Something very strange happened during the show – I can’t think of another time we’ve done an ImproMafia show that turned out to be a tragedy. In all of our practice runs for Worst Side, we never had one that ended tragically. I guess we just like happy endings. On the night, though, the story wanted a tragedy, and thus we ended up mimicking more of the original West Side Story plot line than we’d expected. We saw a moment of pure panic on stage that night; when one of the main characters died unexpectedly, the shock to both the characters and the actors was palpable. The story developed as it should have, the characters changed, and the ending was quite satisfying.

After a show like this, I'm always amazed at the talent on-stage. Somehow these people manage to tell a great story, create great real-feeling characters, and when the time is just right break in to song in just the right way.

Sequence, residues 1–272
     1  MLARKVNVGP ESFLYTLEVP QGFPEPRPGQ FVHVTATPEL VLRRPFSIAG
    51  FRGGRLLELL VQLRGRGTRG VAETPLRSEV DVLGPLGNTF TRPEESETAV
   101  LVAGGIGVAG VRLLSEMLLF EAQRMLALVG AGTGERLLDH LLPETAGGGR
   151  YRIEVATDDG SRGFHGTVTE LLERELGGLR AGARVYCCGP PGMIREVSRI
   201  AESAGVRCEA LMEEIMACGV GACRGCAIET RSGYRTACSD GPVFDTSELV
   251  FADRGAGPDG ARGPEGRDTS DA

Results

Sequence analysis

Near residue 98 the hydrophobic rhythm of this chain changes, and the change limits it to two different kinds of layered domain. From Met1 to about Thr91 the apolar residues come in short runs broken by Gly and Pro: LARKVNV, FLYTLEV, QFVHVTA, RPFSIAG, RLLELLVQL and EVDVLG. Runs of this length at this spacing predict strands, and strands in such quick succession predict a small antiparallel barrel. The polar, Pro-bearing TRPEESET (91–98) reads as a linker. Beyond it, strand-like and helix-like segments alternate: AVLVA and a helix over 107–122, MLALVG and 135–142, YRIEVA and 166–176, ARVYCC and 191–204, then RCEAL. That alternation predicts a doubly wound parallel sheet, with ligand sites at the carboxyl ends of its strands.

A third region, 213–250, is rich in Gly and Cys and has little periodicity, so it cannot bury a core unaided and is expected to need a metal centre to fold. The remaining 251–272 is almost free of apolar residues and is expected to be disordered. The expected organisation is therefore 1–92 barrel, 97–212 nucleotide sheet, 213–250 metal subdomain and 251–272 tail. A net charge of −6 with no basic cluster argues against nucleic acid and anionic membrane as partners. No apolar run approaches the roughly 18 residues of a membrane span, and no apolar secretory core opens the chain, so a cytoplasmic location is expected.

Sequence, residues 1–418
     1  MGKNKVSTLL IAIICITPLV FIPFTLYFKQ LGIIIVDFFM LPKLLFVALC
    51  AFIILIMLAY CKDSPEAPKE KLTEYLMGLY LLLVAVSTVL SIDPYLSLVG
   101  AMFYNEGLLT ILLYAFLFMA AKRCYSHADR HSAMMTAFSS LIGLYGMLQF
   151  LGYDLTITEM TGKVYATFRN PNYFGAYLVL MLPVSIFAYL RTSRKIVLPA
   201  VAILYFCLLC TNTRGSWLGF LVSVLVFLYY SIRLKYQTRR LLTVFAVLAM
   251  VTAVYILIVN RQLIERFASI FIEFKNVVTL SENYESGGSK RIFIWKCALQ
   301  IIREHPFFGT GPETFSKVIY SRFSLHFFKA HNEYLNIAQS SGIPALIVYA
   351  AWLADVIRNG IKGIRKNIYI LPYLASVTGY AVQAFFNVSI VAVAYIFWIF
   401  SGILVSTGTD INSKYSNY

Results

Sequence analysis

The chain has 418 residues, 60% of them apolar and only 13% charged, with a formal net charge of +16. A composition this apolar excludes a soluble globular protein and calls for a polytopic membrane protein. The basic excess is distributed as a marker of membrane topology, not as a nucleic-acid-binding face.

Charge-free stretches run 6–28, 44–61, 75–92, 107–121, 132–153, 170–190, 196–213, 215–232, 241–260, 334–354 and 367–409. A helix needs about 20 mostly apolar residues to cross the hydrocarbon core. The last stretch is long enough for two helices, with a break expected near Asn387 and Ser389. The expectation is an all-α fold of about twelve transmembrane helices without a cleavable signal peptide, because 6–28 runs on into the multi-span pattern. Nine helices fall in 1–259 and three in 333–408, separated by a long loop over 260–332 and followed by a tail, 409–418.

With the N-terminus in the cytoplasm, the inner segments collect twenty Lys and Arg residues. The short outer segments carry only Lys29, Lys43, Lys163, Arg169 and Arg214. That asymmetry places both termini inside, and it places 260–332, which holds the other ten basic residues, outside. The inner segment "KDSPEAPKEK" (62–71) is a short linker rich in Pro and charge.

Worst Side Story logo by Anthony Massingham.
Photos by Al Caeiro.


Anonymous said...

Just wrote a long rambling comment only to lose it forever when I discovered I wasn't logged in to OpenID. In summary: I really enjoyed listening back to the recording of the show. I like listening for your sneaky muso tricks, like the little nod to 'America' in the overture and how Luke and I were in major and minor keys respectively in 'That Girl' to match our characters' emotions. Wonderful to work with you, as always!

Kris said...

"Sneaky muso tricks"! I like that!

I'm enjoying the recording too. I'm addicted to listening to'We Don't Need Them', the trio of lovers' songs, and 'Today'. 'Today' is especially lush, you guys sound like a string section. I wish I could say the nod to 'America' in the overture was intentional, sigh :)